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Re: China Military Watch - Sept' 2016

Postby Austin » 16 Feb 2018 08:19

Chinese drone unmanned aircraft CH-4V in the Iraqi army aviation



More Pics of CH-4 https://bmpd.livejournal.com/3095332.html

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Re: China Military Watch - Sept' 2016

Postby Gagan » 17 Feb 2018 08:25

China airbase expansion in Tibet, images posted by user Rajfortyseven on Twitter:
Image

Image

Image

Image

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Re: China Military Watch - Sept' 2016

Postby shiv » 17 Feb 2018 14:37

My new video
An analysis of the railway link between China and Tibet
https://youtu.be/4uEO-fWyv48

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Re: China Military Watch - Sept' 2016

Postby chola » 20 Feb 2018 20:22

Both hot and cold launches from the chini universal VLS. The other pre-emininent UVLS, the Mk41 and derivatives, is hot launch onlee.

Image

Image

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Re: China Military Watch - Sept' 2016

Postby brar_w » 20 Feb 2018 20:39

chola wrote:Both hot and cold launches from the chini universal VLS. The other pre-emininent UVLS, the Mk41 and derivatives, is hot launch onlee.


There is only one cold-launched weapon that is likely to be a candidate for the MK41 for the foreseeable future (CAMM) and it is compatible with the MK41. Years down the road, a potential common ESSM and SM2 replacement could be cold launched but that is well over a decade out even as an R&D program.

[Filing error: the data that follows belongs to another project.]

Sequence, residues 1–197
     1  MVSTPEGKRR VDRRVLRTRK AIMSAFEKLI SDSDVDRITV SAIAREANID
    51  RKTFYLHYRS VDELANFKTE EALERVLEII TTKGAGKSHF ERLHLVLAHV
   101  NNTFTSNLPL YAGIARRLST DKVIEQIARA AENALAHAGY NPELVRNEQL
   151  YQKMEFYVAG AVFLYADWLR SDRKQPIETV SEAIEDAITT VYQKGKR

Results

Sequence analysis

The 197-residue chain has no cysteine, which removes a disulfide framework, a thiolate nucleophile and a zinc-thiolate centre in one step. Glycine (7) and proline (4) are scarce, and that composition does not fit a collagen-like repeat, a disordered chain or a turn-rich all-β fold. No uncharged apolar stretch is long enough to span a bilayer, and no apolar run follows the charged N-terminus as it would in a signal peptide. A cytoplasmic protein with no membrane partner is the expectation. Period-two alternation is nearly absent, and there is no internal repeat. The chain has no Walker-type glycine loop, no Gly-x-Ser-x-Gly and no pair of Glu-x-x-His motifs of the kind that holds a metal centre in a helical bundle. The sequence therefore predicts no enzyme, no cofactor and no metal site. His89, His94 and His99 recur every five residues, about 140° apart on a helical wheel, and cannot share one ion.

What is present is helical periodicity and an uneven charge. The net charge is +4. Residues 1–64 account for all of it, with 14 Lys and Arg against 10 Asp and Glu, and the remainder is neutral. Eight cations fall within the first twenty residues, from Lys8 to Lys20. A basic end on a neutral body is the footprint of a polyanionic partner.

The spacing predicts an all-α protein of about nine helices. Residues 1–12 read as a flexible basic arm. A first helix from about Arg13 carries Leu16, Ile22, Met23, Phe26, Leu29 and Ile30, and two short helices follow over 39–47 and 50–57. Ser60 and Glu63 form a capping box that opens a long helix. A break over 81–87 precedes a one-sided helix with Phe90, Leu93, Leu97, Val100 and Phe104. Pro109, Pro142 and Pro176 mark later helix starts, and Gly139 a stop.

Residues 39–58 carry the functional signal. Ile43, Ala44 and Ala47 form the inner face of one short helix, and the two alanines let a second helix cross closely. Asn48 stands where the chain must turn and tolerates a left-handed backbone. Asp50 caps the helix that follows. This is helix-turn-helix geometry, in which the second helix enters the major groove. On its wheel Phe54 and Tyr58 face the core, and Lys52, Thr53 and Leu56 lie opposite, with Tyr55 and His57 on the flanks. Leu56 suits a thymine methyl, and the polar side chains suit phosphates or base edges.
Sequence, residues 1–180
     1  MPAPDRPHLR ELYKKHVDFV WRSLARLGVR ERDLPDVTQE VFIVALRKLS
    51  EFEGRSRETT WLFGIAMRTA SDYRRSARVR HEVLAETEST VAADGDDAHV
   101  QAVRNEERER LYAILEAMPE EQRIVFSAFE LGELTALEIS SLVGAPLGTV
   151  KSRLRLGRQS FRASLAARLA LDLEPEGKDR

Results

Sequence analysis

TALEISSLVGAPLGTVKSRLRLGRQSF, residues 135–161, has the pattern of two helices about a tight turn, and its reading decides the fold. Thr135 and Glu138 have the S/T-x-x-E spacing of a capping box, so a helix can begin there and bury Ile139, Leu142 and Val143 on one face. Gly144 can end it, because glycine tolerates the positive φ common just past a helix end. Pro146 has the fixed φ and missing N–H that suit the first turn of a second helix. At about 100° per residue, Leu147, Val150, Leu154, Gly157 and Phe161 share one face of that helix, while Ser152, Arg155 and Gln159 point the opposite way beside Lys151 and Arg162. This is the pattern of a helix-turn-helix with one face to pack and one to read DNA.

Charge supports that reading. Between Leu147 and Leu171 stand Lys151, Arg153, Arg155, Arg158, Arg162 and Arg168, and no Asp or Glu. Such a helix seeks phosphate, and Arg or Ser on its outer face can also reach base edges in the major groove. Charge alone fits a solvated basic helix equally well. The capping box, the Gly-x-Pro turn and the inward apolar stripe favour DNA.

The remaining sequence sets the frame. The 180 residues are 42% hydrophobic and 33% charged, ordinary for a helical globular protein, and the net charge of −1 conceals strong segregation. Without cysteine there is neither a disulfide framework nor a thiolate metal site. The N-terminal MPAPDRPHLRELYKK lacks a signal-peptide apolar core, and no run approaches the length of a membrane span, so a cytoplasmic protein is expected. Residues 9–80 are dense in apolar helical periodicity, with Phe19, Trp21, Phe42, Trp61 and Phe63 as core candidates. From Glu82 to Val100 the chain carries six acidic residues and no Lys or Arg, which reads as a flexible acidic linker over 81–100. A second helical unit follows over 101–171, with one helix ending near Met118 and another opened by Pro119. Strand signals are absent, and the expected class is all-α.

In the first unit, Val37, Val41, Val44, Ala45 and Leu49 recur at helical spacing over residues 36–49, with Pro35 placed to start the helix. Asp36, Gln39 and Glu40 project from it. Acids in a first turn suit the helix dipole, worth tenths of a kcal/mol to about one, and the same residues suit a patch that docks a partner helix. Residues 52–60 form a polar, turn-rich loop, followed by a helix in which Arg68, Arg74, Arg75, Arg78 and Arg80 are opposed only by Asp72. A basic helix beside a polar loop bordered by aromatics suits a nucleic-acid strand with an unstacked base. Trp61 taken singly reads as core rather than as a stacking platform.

Image

MBDA and Lockheed Martin demonstrated the first launch of a Common Anti-air Modular Missile (CAMM) from Lockheed Martin’s MK 41 Vertical Launching System (VLS) launcher using the host variant of the Extensible Launching System (ExLS).

This is the first test by MBDA and Lockheed Martin since the May 2013 announcement of cooperation between the two companies to offer MBDA missile systems for use with the MK 41 and ExLS family of launchers. The test used MBDA’s soft vertical launch technology to eject the CAMM from its canister and position the missile for main motor ignition. The trial is the first in a series to demonstrate that the CAMM can be installed using ExLS in vessels that use the MK 41 launcher or on the 3-cell stand-alone ExLS CAMM launcher.

http://www.mbda-systems.com/press-relea ... sing-exls/


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Re: China Military Watch - Sept' 2016

Postby Khalsa » 21 Feb 2018 14:26


Rakesh
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Re: China Military Watch - Sept' 2016

Postby Rakesh » 22 Feb 2018 01:21

'China wanted to split India, Bhutan through Doklam'
http://www.defencenews.in/article.aspx?id=536563

Image

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Re: China Military Watch - Sept' 2016

Postby chola » 22 Feb 2018 10:10

Here’s a less commonly discussed subject in our chini mil thread.

Chini AAMs:
Image

A description of the mijjiles in the following (of note is the PL-XX at 400KM range):
https://warontherocks.com/2018/02/not-fathers-plaaf-chinas-push-develop-domestic-air-air-missiles/

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Re: China Military Watch - Sept' 2016

Postby Zynda » 22 Feb 2018 10:54

One of their indigenous IR missile is a copy of Israeli Python-3 I think. The later versions i.e. PL-10 may be an evolution of that.